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Supporting the Anywhere Worker

In today's environment of bring your own device (BYOD) and remote work arrangements, employees are accessing internal and external data and applications from a multiplicity of devices--smartphones, tablets, laptops--while in the office, at home, and on the road. Providing workers with easy, reliable, and secure remote access allows them to be more agile and to capitalize on more opportunities.
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While collaborative technologies such as file sharing and videoconferencing are an important foundation for the “anywhere office,” new social work platforms now make it easier for team members to coordinate activities and keep projects moving forward. Social technologies are no longer just for personal use, they’re playing an increasingly important role in the workplace.

With workers accessing information from so many different platforms and locations, an internal online community can be a valuable tool for employees, says Rob Howard, chief technology officer of Zimbra, a messaging and collaboration solution designed for the post-PC era. Social communities are different from social networks, such as Facebook or Twitter, because the company manages its own social community and owns it, meaning the company controls permissions, the experience, and the data, he explains.

Like social networks, social communities do provide a social experience for their users, but that experience is targeted towards achieving business objectives that will lead to an increased bottom line for the company. Among the advantages and benefits social communities can provide are sales enablement, enhanced collaboration, corporate communication, efficient training practices, meeting and employee management, increased internal support, and virtual meetings and events.

The first step in going social for SMBs is finding the right software, says Ben Landers, president of Blue Corona, an online marketing and SEO company. “This is not always given adequate thought. Consideration must be given to the business model, organization culture, work product requirements, and work force--whether it’s geographically distributed or all in one office, percentage of time spent in versus out of the office, etc.” he says.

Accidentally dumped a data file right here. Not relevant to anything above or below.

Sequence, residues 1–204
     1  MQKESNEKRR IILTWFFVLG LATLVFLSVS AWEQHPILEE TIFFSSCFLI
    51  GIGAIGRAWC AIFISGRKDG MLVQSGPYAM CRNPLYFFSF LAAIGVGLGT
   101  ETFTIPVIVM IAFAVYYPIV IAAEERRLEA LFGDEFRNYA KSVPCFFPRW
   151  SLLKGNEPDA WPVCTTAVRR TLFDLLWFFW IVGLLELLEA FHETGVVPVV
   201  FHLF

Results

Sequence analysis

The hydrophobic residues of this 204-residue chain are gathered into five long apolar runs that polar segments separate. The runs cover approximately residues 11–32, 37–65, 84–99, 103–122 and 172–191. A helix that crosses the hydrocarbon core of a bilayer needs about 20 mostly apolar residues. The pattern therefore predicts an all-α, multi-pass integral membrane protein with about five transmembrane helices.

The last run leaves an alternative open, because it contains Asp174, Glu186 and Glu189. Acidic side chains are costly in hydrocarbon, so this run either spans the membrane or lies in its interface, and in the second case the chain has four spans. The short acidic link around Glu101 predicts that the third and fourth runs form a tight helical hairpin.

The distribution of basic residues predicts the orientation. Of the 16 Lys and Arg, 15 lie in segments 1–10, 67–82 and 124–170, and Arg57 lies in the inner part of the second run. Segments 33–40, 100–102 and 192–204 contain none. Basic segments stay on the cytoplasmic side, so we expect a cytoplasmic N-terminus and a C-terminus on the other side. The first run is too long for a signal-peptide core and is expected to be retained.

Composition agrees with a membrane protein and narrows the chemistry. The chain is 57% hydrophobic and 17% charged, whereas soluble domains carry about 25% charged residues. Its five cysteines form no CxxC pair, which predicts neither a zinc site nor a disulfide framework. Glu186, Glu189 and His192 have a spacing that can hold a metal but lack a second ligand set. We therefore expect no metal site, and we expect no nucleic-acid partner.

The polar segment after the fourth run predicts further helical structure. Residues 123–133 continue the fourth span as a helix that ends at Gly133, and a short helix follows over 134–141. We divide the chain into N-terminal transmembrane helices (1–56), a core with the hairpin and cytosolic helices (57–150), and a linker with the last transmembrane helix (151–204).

Project management is an important application of most social work platforms, and it is included in a wide array of popular cloud-based solutions, such as Hosted Microsoft Exchange from Comcast Business, Microsoft Office 365, Salesforce Work, Citrix Podio, Zoho, Planbox, and Milestone Planner. One of the most popular programs for SMBs is 37Signal’s Basecamp, which offers to-do lists, Wiki-style Web-based text documents, milestone management, file sharing, time tracking, a messaging system, and many available add-ons.

As companies grow and take on more challenging projects, their needs in this area may also evolve. That’s what happened to Blue Corona, which migrated from Basecamp to Central Desktop’s Social Bridge as the complexity of its projects and the demands of its workforce expanded. “Social Bridge offers the advanced project management features we require, plus it offers additional functionality for the creation and management of our growing company intranet,” Landers explains.

Blue Corona’s intranet provides it with a place to display key metrics and to do daily, weekly, and monthly huddles, no matter where its workforce is located. “We still emphasize face-to-face meetings whenever possible, but we use social work tools like Social Bridge as the best alternative for managing our business in the connected world,” Landers says.

Learn more:
How to Use Internal Collaboration and Social Networking Technology 
Five Best Practices for Social Collaboration Adoption 





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